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Restoring an vintage leather Burton bag

post #1 of 9
Thread Starter 

I just picked up a vintage Burton cart bag. It's all cowhide leather. I'm saying that because of the cow head emblem stamped into the side of the bag. It's a light tan natural leather bag and looks like from the 60s or 70s. It does have some stains on the bottom that look like maybe old dried water stains. It has the rain cover. Because the rain cover has probably never seen the sun, it is a nicer darker tan leather. I'm hoping someone can give me some advice as to how to restore this beautiful bag. I'm hoping I can remove the stains and also darken up the bag leather to match the rain hood. I'm thinking saddle soap but don't want to touch it until I know what I'm doing. Removing the stains is my main concern at this point. Any suggestions?

post #2 of 9

Welcome to the site, check this out

 

http://www.theleathergolfbag.com/catalog/item/7038584/7084011.htm

post #3 of 9
Thread Starter 

Thanks and thanks for the link. I've used Lexol before on my furniture. Don't know why I didn't think of using it on this bag. Do you think it will be better than saddle soap?

post #4 of 9
Quote:
Originally Posted by Syberson View Post
 

Thanks and thanks for the link. I've used Lexol before on my furniture. Don't know why I didn't think of using it on this bag. Do you think it will be better than saddle soap?

 

Sorry I have no idea. I just googled "restoring leather golf bags" and found the link.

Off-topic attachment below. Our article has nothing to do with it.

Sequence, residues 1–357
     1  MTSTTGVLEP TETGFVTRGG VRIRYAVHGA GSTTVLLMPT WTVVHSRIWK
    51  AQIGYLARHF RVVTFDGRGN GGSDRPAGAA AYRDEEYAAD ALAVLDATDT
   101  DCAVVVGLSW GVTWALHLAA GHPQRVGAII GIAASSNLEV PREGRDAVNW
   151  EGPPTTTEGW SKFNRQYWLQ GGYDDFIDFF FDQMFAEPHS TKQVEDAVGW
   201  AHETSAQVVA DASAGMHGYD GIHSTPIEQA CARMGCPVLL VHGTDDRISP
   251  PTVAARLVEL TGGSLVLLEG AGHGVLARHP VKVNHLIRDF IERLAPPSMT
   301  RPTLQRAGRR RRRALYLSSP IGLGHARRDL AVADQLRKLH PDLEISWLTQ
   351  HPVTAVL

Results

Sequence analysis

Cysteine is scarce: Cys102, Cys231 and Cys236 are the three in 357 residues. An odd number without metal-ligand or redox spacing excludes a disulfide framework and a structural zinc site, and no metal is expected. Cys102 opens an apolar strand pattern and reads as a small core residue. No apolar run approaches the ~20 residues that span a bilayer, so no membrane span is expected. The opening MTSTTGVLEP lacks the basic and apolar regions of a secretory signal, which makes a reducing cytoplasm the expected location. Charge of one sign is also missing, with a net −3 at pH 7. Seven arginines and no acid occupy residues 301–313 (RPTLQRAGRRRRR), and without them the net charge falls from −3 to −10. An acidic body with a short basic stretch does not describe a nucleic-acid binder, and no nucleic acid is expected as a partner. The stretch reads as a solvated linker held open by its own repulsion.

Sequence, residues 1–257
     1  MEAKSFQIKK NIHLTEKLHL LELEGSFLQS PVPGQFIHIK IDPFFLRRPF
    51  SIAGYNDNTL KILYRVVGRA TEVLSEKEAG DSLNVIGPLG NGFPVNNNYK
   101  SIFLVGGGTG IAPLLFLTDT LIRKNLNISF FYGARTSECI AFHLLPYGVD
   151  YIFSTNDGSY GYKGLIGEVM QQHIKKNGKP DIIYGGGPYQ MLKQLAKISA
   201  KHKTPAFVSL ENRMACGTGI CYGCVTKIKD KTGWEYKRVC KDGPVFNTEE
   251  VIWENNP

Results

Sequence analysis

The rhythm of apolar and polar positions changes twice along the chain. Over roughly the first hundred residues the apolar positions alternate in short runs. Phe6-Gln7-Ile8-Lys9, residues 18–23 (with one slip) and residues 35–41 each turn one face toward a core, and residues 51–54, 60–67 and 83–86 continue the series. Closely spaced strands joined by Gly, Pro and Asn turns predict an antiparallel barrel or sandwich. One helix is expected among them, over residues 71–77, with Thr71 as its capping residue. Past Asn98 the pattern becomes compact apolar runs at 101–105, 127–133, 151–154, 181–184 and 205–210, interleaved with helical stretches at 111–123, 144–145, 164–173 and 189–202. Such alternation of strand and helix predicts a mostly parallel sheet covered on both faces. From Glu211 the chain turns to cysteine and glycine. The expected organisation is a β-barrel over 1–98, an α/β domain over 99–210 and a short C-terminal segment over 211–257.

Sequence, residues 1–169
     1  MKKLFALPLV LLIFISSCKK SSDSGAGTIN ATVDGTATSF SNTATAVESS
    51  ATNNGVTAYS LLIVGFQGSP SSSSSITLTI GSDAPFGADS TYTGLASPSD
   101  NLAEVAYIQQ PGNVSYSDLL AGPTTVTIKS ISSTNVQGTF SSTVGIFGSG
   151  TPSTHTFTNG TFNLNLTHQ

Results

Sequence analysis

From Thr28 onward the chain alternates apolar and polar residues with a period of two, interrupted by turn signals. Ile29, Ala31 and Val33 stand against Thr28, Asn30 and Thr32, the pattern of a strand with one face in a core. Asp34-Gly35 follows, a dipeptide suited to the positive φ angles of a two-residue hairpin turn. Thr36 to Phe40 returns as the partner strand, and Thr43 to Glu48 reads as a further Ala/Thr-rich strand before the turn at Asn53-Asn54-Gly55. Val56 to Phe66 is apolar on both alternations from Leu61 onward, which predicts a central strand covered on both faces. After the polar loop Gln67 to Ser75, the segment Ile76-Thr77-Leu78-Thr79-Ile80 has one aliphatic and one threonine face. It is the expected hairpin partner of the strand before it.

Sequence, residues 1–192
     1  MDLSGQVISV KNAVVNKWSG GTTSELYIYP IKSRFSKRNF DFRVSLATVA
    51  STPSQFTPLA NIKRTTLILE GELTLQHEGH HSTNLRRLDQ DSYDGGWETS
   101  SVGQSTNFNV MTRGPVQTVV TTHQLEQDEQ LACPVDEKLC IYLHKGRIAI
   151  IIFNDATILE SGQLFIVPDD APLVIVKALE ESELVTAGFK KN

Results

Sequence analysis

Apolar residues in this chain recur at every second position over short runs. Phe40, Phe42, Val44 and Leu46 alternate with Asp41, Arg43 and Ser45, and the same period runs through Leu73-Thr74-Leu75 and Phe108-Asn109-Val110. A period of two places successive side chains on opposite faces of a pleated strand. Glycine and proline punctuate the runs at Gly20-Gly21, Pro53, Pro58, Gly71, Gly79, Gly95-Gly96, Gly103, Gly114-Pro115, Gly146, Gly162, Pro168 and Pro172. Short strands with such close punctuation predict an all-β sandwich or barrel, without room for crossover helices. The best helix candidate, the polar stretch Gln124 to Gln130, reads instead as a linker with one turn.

post #5 of 9
Thread Starter 

I just picked up some Lexol cleaner and conditioner. It seems Lexol is the gold standard for leather so gonna give it a try. They did tell me that saddle soap would leave a residue on the leather. I appreciate the direction. Thanks!

post #6 of 9

I think if you buff the saddle soap properly with a clean towel or rag,  the residue is not much of problem. I do agree that overall, the Lexol is probably better and softens and preserves a little better. If you can find a matching boot creme and apply, brush, and buff as you would to a good pair of shoes after the Lexol treament, it would impart a light glow and add a bit of protection, as well as temporarily cover light scratches.

post #7 of 9

Lexol is good stuff. Been in the car biz forever and have tried just about everything there is and Lexol is still the best. Just used it on my leather wingback chairs at home that my dog has claimed as a sometimes perch/bed. A couple sprays and the nail marks he leaves behind are gone and the leather has a nice supple feel to it again. Good thing about it really hard to use too much. What doesn't soak in easily wipes away.

post #8 of 9
Thread Starter 

I agree. I've used Lexol on my sofa and chair and it seems to work great. This bag I have is old, dry, abused, and in some areas the once smooth leather is scraped up a bit. I'll have to get a picture. Probably was quite the bag back in the day. But it is all leather and would be cool, albeit heavy, to carry around now if I could get it restored. Actually wouldn't be carrying it, but more of a cart bag.

post #9 of 9
Thread Starter 

I was thinking the same thing about the boot polish. Would like to get the faded bag back to the deeper color to match the rain hood.

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